I am still not sure what the problem here is!
      Even with the end of prohibition of alcohol running our federal government off the road, they have still made a living off of the ignorent who dont follow simple rules of engagement for a legal product.

      When cannabis is allowed to be intorduced back into society for medical and recreational useage, there is going to be rules of engagement that are going to be broken by those who believe that legal means no laws…..The law enforcemnet will have plenty of non violent offenders that will keep there paychecks safe.

      Lets face it, people will use the old “ignorent is my best defence” as a way out of trouble. I can remember being a kid in the late 70′s when if the cops pulled over a car that had and social drunkerds in the car they let the most sober driver go on and drive , and maybe would even follow them home to insure they made it with out harm.
      If you even have an empty alcohol container in the car they will hammer you into the ground.
      Laws change all the time, and sooner then later cannabis laws need to be reformed with maybe the same tactics as allowing the most “sober drunkerd” to drive home
      (and just know i am not advocating any driving while intoxicated advise to anyone, just dont think saying “we want cannabis legal” and then operating with the same laws for it being illeagal is a good start, it all needs reformed with lower Penalties is my point, and then we can build from there ).

      As a whole we all learn from our mistakes its called experience, and without it were all just making the same mistakes, without learning. Cannabis is not as harmful to society as it was once madeout to be. We just need to figure out how to convey the message to those who are unsure, and willing to listen to reasoning. maybe in the upcomming months change will run wild and we can have our personal lives back.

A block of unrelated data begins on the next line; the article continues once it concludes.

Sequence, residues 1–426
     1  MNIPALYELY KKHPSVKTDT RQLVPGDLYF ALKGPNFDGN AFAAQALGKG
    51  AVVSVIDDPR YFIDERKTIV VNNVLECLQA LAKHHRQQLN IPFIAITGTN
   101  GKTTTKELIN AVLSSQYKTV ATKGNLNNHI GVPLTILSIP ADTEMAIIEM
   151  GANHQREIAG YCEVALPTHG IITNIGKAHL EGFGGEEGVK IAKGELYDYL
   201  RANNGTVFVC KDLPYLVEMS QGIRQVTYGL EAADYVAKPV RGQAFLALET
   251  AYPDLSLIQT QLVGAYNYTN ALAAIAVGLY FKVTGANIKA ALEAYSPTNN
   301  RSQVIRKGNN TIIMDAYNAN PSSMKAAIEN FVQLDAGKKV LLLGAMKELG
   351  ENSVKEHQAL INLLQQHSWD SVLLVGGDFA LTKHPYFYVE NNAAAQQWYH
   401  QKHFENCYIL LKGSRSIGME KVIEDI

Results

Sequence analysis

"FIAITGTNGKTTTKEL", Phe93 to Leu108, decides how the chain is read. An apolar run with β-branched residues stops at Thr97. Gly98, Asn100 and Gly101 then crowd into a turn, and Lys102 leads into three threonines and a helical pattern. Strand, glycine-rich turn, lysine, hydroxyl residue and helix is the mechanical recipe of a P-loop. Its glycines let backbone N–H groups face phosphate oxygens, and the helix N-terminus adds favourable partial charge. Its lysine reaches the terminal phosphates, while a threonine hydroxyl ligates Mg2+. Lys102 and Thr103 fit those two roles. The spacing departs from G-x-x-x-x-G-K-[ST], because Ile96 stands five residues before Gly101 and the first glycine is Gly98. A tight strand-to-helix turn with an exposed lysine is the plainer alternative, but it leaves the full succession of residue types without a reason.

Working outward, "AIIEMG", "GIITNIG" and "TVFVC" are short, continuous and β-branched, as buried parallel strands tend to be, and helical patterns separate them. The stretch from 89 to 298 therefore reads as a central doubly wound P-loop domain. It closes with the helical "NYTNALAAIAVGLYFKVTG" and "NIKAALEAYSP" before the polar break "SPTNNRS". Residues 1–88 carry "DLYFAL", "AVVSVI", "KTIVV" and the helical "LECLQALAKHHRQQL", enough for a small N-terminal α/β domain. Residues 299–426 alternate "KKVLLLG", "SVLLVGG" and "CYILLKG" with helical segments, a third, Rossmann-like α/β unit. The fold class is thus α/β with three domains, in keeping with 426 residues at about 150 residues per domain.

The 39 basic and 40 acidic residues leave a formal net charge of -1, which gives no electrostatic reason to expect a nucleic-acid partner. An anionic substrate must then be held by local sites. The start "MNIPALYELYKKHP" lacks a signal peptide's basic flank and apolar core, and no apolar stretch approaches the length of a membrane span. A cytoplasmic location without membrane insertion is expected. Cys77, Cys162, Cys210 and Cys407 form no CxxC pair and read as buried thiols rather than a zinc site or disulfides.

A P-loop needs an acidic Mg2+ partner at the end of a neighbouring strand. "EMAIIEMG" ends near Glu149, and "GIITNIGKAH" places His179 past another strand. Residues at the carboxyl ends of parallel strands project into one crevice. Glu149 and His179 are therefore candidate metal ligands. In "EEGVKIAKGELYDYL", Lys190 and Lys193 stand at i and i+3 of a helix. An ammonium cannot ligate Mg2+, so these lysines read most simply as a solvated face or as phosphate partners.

Sorry for this long post but just a couple more thought for you……
      I was at a “shop” a couple days ago where the older generations hang a complain, and one guy said his company just took 15 aplicants for a job positon and only 2 passed the dug test and the only thing they were on was cannabis, and in the same conversation,after hearing them all complain, they started with the drug test the unemployed and the welfare groups. I laughed a little thinking to my self, when your bosses applied your job performance to your job performance. Now its all about “What did you do last night, or what did you do last week. My point is simple, there were 15 people willing to go to work to earn a paycheck, and 13 of them were denied because the company said the bosses of their companies, they hired could not tell by job performance if the new hires were going to make it unless they knew what they were doing outside of work. I mean really. They use this “Equal Opportunity” line to lure you into a positon at their companies with false hope and thoughts of becomming the boss one day when in reality your a kneck down hole filler and you may never move from your positon. So why all the lies? Why bother with spending all your time for the perfect hole filler, Why worry so much about their personal lives when it is so easy to fire someone over insubordination.
      To the employers” take the cannabis test out of your pre—–or now employment” and you will have all the empolyee’s you ever wanted, if they dont work out , replace them. This is my solution to some of our economic problems, not that it is with out faults, its just a starting ground.

      Just my thoughts and opinions.

      as always
      thanks for reading
      chris

    28. Trent says: